Nevertheless, at the dawn of Greek re-birth and yet long before democracy was reached, Hesiod (circa 700 B.C.) was already living, feeling and describing this transition. In his poem The works and the days Hesiod basically deals with the pains originating from working as a farmer and yet he recommends a simple – though hard – life based on manual labour and reproaches inactivity and laziness. Hesiod’s verses are quite dry and samey, nonetheless he suddenly somehow bursts against unjust judges. Actually Hesiod is incited by a personal case he had lost against his own brother Perses:

But you, Perses, listen to right and do not foster
violence; for violence is bad for a poor man. Even the
prosperous cannot easily bear its burden, but is weighed down
under it when he has fallen into delusion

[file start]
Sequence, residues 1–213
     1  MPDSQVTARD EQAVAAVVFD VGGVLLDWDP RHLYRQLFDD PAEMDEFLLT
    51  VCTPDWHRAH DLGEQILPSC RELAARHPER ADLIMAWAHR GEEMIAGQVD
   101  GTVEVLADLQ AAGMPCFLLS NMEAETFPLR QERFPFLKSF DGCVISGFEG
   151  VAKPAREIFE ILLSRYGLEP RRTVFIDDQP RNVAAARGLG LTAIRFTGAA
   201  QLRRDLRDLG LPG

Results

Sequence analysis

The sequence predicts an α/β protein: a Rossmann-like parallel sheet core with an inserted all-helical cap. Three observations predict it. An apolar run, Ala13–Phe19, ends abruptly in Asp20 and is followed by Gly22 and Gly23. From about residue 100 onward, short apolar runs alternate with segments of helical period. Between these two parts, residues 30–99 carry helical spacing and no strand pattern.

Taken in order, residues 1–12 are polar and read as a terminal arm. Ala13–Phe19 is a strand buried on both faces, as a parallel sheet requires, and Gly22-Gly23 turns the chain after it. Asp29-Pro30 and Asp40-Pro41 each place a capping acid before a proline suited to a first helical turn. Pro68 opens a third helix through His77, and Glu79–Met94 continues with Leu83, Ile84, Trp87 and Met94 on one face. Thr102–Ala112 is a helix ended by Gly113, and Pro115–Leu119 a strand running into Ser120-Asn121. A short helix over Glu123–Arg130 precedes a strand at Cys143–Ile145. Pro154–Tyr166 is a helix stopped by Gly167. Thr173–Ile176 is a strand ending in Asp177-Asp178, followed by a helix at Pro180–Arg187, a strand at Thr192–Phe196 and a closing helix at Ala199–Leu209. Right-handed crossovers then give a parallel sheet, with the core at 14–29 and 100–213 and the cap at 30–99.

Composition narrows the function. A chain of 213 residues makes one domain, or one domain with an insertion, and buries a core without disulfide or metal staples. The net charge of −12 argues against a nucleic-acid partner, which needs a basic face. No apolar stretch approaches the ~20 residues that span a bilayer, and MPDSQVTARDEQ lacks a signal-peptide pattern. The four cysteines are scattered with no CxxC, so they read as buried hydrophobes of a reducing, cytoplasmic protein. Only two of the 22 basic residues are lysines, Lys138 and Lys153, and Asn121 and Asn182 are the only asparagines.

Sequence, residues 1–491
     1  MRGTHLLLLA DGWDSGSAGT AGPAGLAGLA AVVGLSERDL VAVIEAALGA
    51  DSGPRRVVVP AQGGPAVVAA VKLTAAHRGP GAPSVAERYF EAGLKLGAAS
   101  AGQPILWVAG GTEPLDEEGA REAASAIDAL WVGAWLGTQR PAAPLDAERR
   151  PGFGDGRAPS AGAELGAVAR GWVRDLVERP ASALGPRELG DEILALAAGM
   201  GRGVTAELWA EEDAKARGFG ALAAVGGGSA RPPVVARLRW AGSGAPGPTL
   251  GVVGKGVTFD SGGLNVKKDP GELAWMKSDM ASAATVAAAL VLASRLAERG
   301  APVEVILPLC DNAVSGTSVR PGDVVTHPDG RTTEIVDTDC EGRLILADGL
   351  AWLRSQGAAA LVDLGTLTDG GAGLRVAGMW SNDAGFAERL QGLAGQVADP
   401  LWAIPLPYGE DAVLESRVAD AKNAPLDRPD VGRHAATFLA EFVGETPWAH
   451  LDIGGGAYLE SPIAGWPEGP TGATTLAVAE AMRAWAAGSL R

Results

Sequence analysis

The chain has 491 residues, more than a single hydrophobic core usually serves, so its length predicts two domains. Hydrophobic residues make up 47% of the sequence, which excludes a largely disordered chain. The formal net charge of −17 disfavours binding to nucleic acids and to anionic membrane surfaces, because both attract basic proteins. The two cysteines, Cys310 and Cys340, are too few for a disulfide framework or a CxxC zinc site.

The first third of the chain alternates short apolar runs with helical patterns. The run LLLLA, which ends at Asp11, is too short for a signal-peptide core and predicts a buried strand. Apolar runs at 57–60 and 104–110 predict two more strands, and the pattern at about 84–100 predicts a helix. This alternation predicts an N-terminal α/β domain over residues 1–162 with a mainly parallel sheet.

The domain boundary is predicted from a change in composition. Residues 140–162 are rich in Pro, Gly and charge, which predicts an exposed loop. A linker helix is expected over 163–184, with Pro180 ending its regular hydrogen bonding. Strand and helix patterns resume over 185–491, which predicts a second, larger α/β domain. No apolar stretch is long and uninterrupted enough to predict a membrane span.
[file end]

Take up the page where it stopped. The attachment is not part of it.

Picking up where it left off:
He describes the judges as δωροφγοι – referring to bribing and corruptibility which were likely to happen also in those days:

But only when he has suffered does the fool learn this. For Oath
keeps pace with wrong judgements. There is a noise when Justice
is being dragged in the way where those who devour bribes and
give sentence with crooked judgements, take her.

Thus Hesiodos hopes are placed in Dike as a superior justice:

The better path is to go by on the other side towards justice; for Justice beats
Outrage when she comes at length to the end of the race
(…omissis…)
And she,wrapped in mist, follows to the city and haunts of the people,
weeping, and bringing mischief to men, even to such as have
driven her forth in that they did not deal straightly with her

And this Justice should be applied to everyone: aristocratic and not, even including the βασιλευς:

You princes, mark well this punishment you also;
for the deathless gods are near among men and mark all those who
oppress their fellows with crooked judgements, and reck not the
anger of the gods.

According to Hesiod such a Dike is a necessity, because without it a community cannot prosper:

they who give straight judgements to strangers
and to the men of the land, and go not aside from what is just,